The renin–angiotensin–aldosterone (RAA) system, including renin and aldosterone, has a major role in maintaining vascular tone, optimal salt and water homeostasis, and cardiac function. Its overactivity has been recognized to result in conditions of hypertension and left ventricular hypertrophy.4 The natriuretic peptide (NP) system includes human atrial natriuretic peptide (hANP) and brain natriuretic peptide (BNP), which have vasodilative effects and are oversecreted from the heart in patients with congestive heart failure.5 The RAA and NP systems have been shown to be activated in MD twins with TTTS and they have an important role in the appearance of clinical manifestations.6, 7, 8, 9 This phenomenon has resulted in determining obstetric interventions for TTTS in MD twins.8, 10

The activation levels of the RAA and NP systems in MD twins before development of TTTS need to be determined. Furthermore, it is widely accepted that the birthweight (BW) discordance between MD twins is a common predictive factor for developing TTTS.11 There may be hormonal activation in MD twins with BW discordance owing to imbalanced blood flow between the twins, even in non-TTTS twins. Therefore, it is important to determine whether the RAA and NP systems are activated in non-TTTS MD twins. However, there are no studies regarding the RAA and NP systems in MD twins without TTTS. The purposes of this study were (1) to assess cord blood levels of renin, aldosterone, hANP and BNP in dichorionic diamniotic (DD) and MD twins that do not satisfy the criteria of TTTS, (2) to compare these hormone levels between smaller and larger MD twins, (3) to compare these hormone levels between small and large BW discordance in non-TTTS MD twins and finally, (4) to investigate correlations between cord blood levels of renin, and BW discordance in non-TTTS MD and DD twins.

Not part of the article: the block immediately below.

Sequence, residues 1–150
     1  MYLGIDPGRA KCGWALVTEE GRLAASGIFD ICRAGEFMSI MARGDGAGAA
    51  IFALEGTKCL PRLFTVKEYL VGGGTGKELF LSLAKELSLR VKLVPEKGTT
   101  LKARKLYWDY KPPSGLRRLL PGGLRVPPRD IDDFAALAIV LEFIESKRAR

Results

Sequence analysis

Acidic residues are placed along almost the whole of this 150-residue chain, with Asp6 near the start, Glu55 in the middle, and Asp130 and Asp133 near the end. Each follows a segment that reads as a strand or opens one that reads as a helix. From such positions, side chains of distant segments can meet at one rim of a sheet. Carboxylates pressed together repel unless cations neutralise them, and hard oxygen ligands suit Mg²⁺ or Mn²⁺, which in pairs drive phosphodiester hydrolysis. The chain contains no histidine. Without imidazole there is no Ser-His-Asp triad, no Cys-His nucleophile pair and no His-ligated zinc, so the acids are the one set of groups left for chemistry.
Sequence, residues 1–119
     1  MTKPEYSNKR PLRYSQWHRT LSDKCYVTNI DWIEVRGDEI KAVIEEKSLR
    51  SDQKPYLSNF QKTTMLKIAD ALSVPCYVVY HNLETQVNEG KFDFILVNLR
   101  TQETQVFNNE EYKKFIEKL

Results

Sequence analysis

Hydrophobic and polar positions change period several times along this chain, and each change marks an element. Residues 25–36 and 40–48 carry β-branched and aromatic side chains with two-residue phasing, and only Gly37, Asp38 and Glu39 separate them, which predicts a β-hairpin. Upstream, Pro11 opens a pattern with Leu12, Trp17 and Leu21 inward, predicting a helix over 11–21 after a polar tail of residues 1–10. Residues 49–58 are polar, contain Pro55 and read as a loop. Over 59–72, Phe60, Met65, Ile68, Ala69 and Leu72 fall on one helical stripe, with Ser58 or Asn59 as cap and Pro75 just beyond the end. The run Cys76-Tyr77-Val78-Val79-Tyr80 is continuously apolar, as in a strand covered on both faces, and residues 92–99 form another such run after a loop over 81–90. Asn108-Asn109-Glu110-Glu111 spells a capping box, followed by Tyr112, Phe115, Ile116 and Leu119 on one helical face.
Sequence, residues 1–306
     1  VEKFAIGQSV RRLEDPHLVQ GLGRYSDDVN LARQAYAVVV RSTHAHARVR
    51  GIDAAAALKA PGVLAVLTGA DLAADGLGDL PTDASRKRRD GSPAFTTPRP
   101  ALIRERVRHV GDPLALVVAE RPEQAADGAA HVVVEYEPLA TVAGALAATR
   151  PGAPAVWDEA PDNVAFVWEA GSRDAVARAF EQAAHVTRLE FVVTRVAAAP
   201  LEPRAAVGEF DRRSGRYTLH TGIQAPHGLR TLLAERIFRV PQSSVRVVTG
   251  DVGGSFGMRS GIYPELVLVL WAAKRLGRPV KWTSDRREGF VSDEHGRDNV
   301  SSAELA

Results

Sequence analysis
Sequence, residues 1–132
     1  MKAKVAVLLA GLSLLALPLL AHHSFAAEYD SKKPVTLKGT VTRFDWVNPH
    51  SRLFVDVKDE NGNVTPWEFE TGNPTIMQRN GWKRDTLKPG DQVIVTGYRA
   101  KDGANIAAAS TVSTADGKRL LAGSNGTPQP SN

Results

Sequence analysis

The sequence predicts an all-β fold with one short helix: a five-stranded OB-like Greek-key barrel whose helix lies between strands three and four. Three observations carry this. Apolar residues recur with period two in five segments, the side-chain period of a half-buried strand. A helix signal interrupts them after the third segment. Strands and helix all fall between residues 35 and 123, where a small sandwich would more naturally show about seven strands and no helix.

Methods